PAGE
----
Mostly due to their anime pedigree, but partially due to curiosity about HALCA’s readiness to step into the spotlight, the Sakura-Con audience filled the hall to capacity (4000+) and kept in stride with the amped 12-song set — then demanded an encore.

Returning to the stage, vocalist YUUSUKE admitted to the crowd that they weren’t prepared for another song, but they were going to play anyway. HALCA, who had lost any bit of timidity after months of touring with HandMC in Japan, asked the crowd “How’re you fucking feeling?”

I sat down with the band the next day to return the question.

This is your third performance at an American anime convention. Why do you keep coming back?

MEG: We really like this kind of audience. They’re very high-energy.

mACKAz: There are things happening all around, like non-stop. It’s fun to see all that.

YUUSUKE: It’s different than a normal live show because of all the cosplay. They have an attitude of “let’s have fun!”

MEG: And because of the location, we can pass them in the hallway of the hotel or the convention center. It’s a kind of “at home” feeling.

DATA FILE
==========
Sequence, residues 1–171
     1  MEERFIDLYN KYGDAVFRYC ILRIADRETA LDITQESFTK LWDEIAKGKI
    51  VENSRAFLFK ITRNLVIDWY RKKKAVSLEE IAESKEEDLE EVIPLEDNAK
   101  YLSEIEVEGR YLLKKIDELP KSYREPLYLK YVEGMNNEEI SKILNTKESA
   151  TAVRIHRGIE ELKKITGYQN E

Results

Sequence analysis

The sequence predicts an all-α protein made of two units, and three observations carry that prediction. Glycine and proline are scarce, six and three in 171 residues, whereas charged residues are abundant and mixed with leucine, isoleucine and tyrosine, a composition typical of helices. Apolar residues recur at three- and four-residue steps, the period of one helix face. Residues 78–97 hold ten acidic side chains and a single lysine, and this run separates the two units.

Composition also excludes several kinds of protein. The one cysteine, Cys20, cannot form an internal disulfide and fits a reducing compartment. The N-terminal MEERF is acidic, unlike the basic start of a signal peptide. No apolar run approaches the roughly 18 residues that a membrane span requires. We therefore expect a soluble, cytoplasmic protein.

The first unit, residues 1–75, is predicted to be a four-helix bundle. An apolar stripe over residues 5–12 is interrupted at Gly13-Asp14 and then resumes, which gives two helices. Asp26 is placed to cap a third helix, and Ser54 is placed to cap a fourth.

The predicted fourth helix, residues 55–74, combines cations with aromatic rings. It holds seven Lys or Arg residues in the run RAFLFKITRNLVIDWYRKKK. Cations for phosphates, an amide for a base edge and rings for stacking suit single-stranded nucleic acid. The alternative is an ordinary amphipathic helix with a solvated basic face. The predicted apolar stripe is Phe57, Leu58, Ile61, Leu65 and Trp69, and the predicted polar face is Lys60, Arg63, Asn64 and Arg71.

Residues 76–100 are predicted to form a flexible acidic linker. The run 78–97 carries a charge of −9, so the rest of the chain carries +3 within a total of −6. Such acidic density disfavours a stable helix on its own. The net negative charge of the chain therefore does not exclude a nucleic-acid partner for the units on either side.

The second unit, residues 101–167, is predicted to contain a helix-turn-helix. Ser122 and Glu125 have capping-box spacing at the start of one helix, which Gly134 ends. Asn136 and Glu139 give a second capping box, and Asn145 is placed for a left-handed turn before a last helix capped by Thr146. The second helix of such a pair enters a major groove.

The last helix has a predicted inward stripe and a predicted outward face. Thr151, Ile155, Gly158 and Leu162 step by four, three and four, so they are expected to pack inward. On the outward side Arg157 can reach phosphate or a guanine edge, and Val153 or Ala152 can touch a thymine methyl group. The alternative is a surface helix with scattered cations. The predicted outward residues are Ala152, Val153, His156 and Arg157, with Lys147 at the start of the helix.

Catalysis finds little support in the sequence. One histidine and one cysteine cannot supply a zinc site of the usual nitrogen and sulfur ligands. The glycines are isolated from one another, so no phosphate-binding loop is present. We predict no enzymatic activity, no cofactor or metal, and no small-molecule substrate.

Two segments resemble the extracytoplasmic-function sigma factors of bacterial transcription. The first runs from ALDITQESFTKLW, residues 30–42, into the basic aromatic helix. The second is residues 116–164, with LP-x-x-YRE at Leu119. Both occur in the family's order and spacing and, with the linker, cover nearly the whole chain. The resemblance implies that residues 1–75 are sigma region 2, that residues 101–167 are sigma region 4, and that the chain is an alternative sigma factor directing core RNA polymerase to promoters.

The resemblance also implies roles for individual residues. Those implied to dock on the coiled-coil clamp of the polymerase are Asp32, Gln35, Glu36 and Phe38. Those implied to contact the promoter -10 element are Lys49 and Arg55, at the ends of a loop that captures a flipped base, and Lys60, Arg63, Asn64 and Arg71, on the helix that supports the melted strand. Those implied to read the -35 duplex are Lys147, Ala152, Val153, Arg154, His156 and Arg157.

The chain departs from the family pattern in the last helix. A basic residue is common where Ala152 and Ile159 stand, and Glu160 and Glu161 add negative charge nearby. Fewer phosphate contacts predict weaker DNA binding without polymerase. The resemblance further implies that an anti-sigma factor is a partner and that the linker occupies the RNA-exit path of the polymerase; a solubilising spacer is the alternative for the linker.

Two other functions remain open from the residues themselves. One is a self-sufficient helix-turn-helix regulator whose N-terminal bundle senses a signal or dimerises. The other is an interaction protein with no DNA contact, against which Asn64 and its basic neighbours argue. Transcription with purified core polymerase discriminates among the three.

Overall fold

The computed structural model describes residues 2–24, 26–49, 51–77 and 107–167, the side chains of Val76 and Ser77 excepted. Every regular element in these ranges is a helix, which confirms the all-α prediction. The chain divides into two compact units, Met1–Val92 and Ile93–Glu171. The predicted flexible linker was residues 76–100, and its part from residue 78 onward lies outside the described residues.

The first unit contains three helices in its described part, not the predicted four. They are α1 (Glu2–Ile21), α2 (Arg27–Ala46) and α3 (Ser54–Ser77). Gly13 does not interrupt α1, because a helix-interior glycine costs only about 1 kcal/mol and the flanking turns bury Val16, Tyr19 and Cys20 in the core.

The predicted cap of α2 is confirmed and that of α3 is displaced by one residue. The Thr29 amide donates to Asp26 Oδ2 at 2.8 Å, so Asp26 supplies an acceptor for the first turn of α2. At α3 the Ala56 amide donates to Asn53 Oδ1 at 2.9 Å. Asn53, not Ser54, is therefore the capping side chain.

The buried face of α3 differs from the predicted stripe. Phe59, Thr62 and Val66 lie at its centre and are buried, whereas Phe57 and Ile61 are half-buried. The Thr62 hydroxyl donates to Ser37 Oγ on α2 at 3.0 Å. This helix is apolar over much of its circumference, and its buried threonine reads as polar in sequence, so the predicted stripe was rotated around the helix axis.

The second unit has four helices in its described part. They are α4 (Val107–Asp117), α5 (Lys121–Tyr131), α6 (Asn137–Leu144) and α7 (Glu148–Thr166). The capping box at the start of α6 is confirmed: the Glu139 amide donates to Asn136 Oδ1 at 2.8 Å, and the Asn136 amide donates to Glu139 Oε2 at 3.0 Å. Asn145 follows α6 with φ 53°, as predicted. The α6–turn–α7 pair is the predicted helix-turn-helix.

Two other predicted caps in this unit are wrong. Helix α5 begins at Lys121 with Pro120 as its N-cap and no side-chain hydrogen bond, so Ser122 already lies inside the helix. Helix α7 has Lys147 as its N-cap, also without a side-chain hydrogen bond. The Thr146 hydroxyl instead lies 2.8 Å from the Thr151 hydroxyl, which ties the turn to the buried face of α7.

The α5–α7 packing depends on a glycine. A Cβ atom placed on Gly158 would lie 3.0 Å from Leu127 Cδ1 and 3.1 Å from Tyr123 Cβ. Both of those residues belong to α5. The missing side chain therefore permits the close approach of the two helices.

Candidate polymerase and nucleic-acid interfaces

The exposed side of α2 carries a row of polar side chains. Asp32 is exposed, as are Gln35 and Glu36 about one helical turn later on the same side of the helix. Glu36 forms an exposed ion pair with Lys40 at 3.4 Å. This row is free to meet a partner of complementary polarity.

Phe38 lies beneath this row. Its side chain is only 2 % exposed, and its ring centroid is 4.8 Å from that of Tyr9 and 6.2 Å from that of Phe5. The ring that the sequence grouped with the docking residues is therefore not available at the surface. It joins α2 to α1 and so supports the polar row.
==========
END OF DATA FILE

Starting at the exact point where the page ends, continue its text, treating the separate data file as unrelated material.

Many well-known Japanese music artists say “No” to performing at anime events because they don’t want to be perceived as an otaku band. Do you think you’re an otaku band?

MEG: I think we’re exactly as you see us. I think we probably are, but I’m not sure what level.

mACKAz: We all like anime, and we like a lot of the things that are part of this event, like the cosplay, for example. We get excited when we see someone wearing a costume of an anime we like.

MEG: We all love Bleach.

HALCA, did you know they were an otaku band when you joined?

HALCA: I had no clue. They tricked me.

MEG: I told you at the auditions we were an otaku band!

HALCA: Mmm… well, okay, that’s right, you did.

How did you choose the set list for Sakura-Con?

MEG: We knew there would be a lot of anime fans, so we included anime songs like “Pride” and “Ichirin no Hana.”

YUUSUKE: We added new songs to mix the old and new sides of us. We’re proud of the old music, and we’re proud of the fans who love that music the same as we do. So now we want to show them what we’re cooking next.


KiLLKiLLS – Interview (2010)

Interview by David Cirone
March 8th, 2010
(originally published on purpleSKY.com)


L-to-R: ERY (bass), DAI (guitar/vocals), WANI (drums), KAMA (guitar)